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Excerpt from Oral History Interview with Robert Sidney Smith, January 25, 1999. Interview I-0081. Southern Oral History Program Collection (#4007) See Entire Interview >>

Technological innovations in hosiery manufacturing

In this excerpt, Smith describes some of the technical innovations that drove the hosiery industry forward.

Citing this Excerpt

Oral History Interview with Robert Sidney Smith, January 25, 1999. Interview I-0081. Southern Oral History Program Collection (#4007) in the Southern Oral History Program Collection, Southern Historical Collection, Wilson Library, University of North Carolina at Chapel Hill.

Full Text of the Excerpt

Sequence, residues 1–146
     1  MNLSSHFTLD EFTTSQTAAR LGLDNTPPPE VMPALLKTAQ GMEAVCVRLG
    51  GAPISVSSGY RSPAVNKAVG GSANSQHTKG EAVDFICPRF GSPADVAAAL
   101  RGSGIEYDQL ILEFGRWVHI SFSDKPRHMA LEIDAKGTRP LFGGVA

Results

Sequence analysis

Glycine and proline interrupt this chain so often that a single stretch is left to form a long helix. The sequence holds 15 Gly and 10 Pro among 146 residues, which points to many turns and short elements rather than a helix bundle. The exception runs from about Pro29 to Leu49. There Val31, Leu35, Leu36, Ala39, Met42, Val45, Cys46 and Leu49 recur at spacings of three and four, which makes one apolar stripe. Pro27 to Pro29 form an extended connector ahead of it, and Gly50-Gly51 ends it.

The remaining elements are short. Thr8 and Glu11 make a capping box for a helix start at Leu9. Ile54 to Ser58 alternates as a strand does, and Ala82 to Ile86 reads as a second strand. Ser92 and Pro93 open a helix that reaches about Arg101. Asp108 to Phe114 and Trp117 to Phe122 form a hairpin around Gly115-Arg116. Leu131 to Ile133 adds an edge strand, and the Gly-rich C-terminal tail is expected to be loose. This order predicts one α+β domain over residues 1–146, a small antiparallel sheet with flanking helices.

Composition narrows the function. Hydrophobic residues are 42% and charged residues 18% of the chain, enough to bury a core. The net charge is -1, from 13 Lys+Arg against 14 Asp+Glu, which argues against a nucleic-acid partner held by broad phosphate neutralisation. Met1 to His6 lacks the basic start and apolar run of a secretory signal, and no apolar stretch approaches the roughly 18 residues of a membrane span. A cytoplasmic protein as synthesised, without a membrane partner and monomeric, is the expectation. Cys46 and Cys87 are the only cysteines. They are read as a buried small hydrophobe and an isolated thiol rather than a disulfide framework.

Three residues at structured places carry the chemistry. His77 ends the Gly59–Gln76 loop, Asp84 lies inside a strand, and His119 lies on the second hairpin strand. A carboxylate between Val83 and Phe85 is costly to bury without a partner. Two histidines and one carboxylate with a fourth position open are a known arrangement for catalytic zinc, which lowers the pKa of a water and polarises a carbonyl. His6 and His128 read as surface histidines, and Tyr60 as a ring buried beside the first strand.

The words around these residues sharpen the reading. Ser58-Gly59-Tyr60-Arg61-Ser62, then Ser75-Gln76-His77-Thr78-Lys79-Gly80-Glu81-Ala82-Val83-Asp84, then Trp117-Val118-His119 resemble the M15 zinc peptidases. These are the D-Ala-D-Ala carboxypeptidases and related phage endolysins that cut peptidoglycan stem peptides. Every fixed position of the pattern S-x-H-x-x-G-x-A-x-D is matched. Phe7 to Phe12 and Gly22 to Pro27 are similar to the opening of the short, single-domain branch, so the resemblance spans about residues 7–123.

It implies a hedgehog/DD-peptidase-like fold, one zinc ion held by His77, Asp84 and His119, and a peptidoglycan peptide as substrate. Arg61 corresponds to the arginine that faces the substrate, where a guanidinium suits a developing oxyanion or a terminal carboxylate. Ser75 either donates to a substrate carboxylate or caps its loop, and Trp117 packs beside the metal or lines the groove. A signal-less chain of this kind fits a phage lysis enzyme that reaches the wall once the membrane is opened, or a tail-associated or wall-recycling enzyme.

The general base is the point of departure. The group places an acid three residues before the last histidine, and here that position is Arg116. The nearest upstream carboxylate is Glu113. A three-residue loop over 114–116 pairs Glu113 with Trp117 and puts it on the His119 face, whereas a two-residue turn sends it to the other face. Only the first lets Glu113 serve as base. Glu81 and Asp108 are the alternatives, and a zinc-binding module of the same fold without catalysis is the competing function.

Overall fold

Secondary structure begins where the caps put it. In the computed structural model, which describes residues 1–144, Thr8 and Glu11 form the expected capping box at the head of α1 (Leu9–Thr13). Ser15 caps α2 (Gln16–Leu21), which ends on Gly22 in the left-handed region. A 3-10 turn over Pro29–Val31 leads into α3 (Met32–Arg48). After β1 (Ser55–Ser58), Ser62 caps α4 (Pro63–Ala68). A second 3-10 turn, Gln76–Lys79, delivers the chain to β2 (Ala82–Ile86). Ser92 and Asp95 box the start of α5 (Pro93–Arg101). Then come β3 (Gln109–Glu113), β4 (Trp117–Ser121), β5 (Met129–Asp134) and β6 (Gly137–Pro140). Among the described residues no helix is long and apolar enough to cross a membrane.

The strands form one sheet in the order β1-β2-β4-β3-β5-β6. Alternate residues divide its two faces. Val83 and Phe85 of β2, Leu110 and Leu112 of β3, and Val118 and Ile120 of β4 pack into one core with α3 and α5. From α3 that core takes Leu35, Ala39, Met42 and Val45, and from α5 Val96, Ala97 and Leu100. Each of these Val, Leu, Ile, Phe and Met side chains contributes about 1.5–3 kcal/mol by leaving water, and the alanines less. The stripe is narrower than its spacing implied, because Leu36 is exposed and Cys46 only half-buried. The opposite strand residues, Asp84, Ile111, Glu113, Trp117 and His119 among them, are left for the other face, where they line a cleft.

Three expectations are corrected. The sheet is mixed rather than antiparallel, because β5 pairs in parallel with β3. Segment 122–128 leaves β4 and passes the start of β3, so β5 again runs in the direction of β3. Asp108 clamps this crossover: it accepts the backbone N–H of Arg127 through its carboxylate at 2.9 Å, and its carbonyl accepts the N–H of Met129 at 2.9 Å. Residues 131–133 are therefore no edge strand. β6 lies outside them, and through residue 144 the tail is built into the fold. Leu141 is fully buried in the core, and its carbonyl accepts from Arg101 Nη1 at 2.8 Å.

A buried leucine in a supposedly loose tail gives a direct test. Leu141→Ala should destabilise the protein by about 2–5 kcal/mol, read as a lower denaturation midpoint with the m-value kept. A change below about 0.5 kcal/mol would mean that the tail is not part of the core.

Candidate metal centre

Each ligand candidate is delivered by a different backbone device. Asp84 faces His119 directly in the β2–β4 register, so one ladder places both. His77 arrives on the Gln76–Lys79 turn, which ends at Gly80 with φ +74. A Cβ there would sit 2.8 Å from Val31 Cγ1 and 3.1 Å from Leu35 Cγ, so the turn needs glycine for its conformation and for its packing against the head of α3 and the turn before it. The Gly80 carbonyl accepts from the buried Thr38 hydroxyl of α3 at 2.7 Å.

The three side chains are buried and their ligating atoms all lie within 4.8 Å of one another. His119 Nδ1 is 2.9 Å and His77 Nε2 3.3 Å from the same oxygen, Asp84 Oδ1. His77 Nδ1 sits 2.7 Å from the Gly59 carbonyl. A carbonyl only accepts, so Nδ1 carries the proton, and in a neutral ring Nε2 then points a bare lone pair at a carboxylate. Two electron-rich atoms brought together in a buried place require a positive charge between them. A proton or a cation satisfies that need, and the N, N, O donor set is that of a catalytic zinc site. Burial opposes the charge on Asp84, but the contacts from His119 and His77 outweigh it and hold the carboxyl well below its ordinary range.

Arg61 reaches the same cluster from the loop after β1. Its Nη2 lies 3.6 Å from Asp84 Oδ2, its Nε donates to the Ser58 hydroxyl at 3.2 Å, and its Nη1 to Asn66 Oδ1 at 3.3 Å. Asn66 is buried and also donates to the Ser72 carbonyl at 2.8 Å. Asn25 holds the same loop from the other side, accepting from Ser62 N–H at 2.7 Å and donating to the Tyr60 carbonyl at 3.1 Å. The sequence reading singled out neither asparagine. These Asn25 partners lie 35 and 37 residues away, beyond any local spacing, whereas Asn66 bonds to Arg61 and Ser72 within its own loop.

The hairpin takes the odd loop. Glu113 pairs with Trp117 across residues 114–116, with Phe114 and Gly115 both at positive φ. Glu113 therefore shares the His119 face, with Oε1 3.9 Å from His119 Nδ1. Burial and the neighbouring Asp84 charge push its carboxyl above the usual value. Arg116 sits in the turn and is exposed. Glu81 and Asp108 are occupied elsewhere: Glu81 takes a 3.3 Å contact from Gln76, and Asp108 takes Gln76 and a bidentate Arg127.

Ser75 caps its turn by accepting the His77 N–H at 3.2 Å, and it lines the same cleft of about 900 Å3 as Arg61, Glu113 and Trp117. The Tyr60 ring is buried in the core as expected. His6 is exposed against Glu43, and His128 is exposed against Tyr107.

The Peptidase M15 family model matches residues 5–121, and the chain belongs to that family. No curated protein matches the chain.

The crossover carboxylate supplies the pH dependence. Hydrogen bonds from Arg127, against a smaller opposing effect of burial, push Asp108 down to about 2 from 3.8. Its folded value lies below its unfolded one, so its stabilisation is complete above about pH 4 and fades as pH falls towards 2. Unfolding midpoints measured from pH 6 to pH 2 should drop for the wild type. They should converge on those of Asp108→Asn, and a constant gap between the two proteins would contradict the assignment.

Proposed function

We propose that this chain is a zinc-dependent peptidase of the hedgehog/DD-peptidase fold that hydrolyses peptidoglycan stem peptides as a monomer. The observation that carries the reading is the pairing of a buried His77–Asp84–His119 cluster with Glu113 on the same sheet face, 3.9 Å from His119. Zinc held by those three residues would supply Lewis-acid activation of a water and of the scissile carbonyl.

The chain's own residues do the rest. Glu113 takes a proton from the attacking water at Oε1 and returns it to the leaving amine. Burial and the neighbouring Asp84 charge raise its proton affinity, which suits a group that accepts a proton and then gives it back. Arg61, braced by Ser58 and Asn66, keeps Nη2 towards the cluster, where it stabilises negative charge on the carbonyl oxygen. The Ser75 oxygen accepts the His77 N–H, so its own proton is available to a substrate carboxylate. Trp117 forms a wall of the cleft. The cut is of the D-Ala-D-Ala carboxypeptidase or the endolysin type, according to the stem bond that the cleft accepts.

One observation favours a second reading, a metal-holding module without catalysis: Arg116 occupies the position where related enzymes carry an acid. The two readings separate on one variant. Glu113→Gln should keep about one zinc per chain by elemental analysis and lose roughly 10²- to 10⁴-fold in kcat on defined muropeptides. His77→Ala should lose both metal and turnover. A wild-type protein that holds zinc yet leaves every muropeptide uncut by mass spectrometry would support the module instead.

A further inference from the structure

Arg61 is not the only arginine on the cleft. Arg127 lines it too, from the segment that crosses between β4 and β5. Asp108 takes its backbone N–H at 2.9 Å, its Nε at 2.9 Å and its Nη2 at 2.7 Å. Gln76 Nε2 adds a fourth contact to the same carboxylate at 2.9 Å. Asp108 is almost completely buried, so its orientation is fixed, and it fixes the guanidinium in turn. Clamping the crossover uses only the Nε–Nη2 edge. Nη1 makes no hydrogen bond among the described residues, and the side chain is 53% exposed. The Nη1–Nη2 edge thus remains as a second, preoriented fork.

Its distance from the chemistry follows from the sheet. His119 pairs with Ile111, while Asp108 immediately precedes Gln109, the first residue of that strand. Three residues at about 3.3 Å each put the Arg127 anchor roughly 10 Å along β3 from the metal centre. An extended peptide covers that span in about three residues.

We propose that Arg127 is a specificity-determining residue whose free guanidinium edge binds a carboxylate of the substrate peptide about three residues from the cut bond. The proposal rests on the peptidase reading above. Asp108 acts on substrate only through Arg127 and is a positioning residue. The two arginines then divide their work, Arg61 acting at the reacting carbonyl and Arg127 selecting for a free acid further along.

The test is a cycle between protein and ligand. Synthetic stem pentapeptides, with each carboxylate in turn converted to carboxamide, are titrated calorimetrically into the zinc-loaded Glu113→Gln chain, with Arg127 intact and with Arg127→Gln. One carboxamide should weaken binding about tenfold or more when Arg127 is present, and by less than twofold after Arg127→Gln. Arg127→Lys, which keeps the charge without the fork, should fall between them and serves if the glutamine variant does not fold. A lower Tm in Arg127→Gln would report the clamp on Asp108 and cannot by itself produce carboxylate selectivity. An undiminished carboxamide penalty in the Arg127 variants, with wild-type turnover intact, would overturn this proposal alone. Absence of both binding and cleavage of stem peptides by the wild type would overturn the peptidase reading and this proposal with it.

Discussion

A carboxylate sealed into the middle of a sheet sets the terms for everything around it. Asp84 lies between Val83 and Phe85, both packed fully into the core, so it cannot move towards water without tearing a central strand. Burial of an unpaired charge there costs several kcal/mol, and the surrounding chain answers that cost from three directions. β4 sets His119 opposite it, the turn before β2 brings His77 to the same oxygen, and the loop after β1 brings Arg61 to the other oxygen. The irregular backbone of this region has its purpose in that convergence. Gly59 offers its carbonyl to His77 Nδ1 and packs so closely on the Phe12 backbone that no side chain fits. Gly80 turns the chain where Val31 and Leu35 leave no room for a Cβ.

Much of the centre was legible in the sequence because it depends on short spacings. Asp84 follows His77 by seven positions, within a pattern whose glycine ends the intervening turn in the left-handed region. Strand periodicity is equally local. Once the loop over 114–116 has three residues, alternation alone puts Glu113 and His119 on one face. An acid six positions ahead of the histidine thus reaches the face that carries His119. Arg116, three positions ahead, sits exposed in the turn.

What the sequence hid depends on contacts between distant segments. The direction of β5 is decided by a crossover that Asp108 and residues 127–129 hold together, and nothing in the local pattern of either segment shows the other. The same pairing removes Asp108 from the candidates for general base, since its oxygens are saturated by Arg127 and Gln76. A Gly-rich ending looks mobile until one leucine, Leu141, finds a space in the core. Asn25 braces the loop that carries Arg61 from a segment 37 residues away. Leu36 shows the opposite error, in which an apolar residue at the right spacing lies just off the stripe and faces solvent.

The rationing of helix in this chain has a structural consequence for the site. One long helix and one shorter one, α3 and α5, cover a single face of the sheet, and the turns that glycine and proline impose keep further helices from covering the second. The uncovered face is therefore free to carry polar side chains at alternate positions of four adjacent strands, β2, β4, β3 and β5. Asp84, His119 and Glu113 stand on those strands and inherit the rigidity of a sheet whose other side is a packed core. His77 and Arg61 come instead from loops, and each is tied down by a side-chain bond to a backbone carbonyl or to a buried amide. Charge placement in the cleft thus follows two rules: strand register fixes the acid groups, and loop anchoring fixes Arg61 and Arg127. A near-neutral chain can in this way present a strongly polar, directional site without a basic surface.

JM: You haven't mentioned technology. Any important--. Obviously there are technological aspects say to the development of just the right machines to make pantyhose all in one unit and so forth. You mentioned nylon. You mentioned the crimping that allowed for elasticity. Are those the principle things there or are there other more recent [developments] say in fibers or in-- SS: Knitting technology. JM: Speed and quality? SS: There’ve been several. If you go all the way back to the turn of the century--. We have to be careful what we say now, we mean the last century, back to 1900. If you go back to the turn of the century, most hosiery was still knitted on a flat bed knitting machine. It was still knitted fabric but it was flat. You would take a pattern for hosiery whether it would be socks or ladies' stockings. You would lay that pattern down just like you would for a shirt pattern. You would cut around and you would roll it over and you would seam it and that was what created the seam in the back, called fully fashioned or full fashioned or seamed hosiery. That's why the seam was there. You had to sew it. By the mid-1920s and '30s, technology had come to where we could knit in a circular tube or seamless cane. The majority of the industry had made the switchover to seamless or circular diameter knitting by the 1920s. The next biggest change really was when computers took over the machine--. JM: Which would have been about--? SS: First introductions could have been as early as the late '60s, early '70s. To acquire machines and get large banks of them up and running probably was not until the '80s and now the '90s. It did a couple of things, but there's a step in the middle. If you had just a basic circular knitting machine, it was a mechanical entity. It had chain drives and cogs, and the chain would move, and the cog would hit the bottom of the needle and make it jump up, and it was totally mechanical. The next step was to put in electronics in place of mechanical. The next biggest technological change was to put electrodes in place of a lot of mechanical cogs so that electronic circuitry could drive things. That increased speed. We could now drive these machines much faster. In the 1970s and into the '80s, very roughly and the technical people in the industry would be better at this than I am, but approximately the circular knitting speed for a pair of ladies' sheer hosiery jumped from 300 revolutions to 1200 revolutions because of electronics. Once you got electronics in place, the next attachment is computer control. Now computer control has kicked in in the last ten to fifteen years, which would put us into the mid-‘80s and of course on into the '90s. When you had a mechanical machine, to change the pattern or change the product that that machine made, you had to physically tear the machine down. You had to have a mechanic with a pair of pliers and a screwdriver that would take the machine and tear it down, reconfigure the cogs and the chains, put it all back together and start it over. It generally took eight hours to change over a machine. So, if you had a hundred machines in your plant, you took 800 man-hours to change a style. Guess what? Nobody wanted to do that. So, you had very little versatility and the consumer had limited choice because nobody could be going through all these pattern changes all the time. Once you get electronics and then computers hooked up to it, we now change the pattern on the computer. You either direct wire it or use a cassette to drop in the new configuration into the knitting machine. Rough rule of thumb is we can change patterns--. Not considering design time, we can change what the machine is doing in about sixty seconds. So, it increased the flexibility and the versatility of the mill. [So] that if in the old days somebody would come to you and say, “Can you make this product for me?” You’d say, “Forget it. No. I can't. I'm not changing over to that.” Now, a retailer comes to him and says, “Can you make this product for me?” There may be two hundred dozen switches [which is] nothing as far as a run. “Sure. I'll be glad too.” [I’ll] make the two hundred [and] I'll be off making something else in another hour from now. That tremendously changed our flexibility and our ability to change and really let marketing and designs and patterning take off. JM: All come to the fore. SS: It’s made the industry more responsive. JM: How capital intensive was the computerization phase? Did this represent the replacement of one generation of plant equipment with another – say, between the '60s and the '90s? SS: Yeah. There is a phase in there that one could--. If the mechanical machine had electronics to it, you could kind of do an add on the computer. But the computer really could not initiate changing functions that well as an adaptation. Maybe you could track what was being produced through a computer, but you really couldn't make pattern changes that much. So, it did require recapitalization of the industry and that is still going on. In the sheer business, it took off very quickly because the sheer business with this advent of pantyhose and this advent of new marketing and with the fact that it was very much nationally branded [and] owned by the hosiery producer, had been consolidated into the hands of a few people that were bigger companies and had more capital available to them. Therefore, they made that transition fairly quickly. The sock business has not been populated by that kind of adaptation. It's been smaller companies and therefore, making that capital transition has been much slower. It has been more difficult for some. There are some that have not even made it today, as we're speaking and maybe never will. But that's going to have an impact in the next few years about the competitive nature of some individual companies in the sock business. The capitalization from the sock side has been a bigger hurdle because they've been generally smaller firms.